The devastation of Cyclone Nargis – the storm that struck Myanmar’s Ayeyarwaddy Delta on 2 May 2008 – is still visible. The effects of that devastation mean that WFP's work in the region is far from over. WFP's Chris Kaye says many livelihoods have been lost.
BANGKOK -- One year on, large portions of the Delta’s agricultural fields remain unplanted. Houses destroyed by the storm have yet to be rebuilt. Shortages of supplies, including drinking water, continue to hamper recovery efforts.
For WFP, the continuing effects of Nargis mean that emergency food distributions for the poorest and most vulnerable residents of the hardest hit areas of the Ayeyarwaddy Delta – once known as Myanmar’s granary – will continue through the end of this year.
food for recovery
A year in numbers:
- Food aid delivered to over 1 million people
- Over 70,000 tons of food delivered
- Over 1,000 tons of fortified Blended Food provided to 57,000 pregnant and lactating women and children
- 76,000 people supported through Food-for-Work activities.
- 112 kilometres of foot paths and 30 kilometres of dykes constructed, and 18 ponds renovated (since Jan 09)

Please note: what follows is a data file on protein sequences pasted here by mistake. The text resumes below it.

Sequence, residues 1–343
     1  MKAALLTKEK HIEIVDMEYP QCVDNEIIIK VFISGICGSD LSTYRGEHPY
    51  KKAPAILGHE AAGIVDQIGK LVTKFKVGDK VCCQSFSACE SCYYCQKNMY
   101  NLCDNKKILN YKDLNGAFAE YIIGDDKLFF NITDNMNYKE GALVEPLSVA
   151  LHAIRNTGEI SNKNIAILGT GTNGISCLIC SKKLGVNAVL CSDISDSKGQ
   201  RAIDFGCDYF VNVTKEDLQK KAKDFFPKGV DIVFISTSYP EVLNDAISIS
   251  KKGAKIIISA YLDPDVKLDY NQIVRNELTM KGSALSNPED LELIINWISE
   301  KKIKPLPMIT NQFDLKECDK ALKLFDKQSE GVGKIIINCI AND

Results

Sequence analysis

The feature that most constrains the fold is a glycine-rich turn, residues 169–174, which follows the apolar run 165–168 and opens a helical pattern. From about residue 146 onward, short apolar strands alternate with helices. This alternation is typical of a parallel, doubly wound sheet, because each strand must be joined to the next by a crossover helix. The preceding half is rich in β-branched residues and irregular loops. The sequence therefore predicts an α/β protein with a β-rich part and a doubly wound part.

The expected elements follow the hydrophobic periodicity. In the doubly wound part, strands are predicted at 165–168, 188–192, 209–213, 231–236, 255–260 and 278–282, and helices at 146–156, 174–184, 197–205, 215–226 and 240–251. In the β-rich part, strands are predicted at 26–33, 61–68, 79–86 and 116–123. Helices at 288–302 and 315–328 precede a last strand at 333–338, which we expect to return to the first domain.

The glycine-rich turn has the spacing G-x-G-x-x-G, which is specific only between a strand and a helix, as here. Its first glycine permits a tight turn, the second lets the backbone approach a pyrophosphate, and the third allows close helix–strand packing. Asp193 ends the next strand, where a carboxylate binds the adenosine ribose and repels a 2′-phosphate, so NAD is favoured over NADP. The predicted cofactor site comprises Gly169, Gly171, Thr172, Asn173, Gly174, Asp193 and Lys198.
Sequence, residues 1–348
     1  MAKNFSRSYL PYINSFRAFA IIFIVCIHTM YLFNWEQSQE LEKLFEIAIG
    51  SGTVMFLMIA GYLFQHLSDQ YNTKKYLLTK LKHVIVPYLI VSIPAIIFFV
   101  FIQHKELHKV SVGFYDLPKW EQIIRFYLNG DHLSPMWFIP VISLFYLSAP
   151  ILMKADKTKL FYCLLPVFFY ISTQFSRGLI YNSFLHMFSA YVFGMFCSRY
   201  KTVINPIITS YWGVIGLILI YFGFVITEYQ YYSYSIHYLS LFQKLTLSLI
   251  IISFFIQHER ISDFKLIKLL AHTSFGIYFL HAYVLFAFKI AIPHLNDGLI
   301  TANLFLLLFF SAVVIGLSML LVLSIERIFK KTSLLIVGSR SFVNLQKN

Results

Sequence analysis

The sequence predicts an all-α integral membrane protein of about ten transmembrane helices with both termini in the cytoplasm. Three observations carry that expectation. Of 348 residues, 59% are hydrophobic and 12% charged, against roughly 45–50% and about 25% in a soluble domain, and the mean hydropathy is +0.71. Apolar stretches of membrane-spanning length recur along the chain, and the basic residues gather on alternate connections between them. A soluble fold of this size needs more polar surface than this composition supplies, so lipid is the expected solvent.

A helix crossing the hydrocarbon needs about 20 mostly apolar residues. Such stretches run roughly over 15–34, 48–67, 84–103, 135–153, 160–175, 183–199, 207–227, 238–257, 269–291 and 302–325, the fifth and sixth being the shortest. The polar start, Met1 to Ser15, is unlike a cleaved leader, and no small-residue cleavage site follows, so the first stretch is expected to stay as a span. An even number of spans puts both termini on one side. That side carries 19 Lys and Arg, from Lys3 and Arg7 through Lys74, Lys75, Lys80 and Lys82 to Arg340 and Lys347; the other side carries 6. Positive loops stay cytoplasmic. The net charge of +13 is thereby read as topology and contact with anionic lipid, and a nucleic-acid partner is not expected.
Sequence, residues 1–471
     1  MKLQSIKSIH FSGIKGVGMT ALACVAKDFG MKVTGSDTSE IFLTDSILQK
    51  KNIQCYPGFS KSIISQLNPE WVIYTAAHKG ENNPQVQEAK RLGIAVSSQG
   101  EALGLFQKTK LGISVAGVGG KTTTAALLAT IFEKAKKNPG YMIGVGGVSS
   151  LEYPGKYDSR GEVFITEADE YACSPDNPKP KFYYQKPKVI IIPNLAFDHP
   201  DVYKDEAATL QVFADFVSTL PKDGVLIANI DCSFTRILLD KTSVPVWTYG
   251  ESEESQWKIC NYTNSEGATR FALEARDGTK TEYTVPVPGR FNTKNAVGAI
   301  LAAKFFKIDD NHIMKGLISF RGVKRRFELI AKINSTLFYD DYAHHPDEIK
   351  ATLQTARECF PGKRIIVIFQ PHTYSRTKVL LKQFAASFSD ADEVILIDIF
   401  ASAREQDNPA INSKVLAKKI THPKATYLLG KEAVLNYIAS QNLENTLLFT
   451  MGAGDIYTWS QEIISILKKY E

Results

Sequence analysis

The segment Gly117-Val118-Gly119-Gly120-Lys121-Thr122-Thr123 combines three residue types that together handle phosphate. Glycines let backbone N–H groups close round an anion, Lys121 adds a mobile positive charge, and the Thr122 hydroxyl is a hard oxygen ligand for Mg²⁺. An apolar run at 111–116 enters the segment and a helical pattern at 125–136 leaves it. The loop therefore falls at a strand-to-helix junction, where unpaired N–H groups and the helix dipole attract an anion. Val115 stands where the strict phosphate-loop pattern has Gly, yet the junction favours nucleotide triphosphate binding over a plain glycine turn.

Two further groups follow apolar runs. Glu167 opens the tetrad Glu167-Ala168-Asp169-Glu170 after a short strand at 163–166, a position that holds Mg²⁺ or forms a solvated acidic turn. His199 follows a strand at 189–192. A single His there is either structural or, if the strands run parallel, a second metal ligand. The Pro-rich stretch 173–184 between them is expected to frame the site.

Chris Kaye, the WFP Representative in Yangon, is confident that WFP food assistance can meet the continuing food needs for the poorest residents of the delta; but he remains concerned that the slow pace of recovery means that people made poor by the storm will have difficulty getting their former lives back. Listen to Chris Kaye on NPR radio
“WFP emergency rations can help families get through these tough times, but farmers will still need cash to purchase seed for planting, or fertiliser, or ploughs and livestock, all assets that were lost across the delta during the cyclone,” says Kaye. “Villagers who were once day labourers or who fished or shrimped need to get their jobs back before they can rebuild homes lost to Nargis.”
New food assistance programmes
WFP has transitioned much of its assistance over the past 12 months to better target the very poorest, and new programmes have used food assistance to help communities rebuild paddy dykes, roads and paths vital to economic recovery.
Kaye says that deeper and longer-term economic assistance and investments will be needed before the poorest communities can begin to recover their own livelihoods and assets and grow food for themselves – and for the country -- again.
Kaye directed all WFP operations in Myanmar to help the survivors in the days, weeks and months that followed the cyclone.
“Despite the utter destruction caused by Nargis, I continue to witness everyday the incredible resilience of the people of Myanmar, as they pick up the pieces of their lives with a quiet determination, and work to rebuild their homes, replant their fields, and recover their livelihoods,” he said.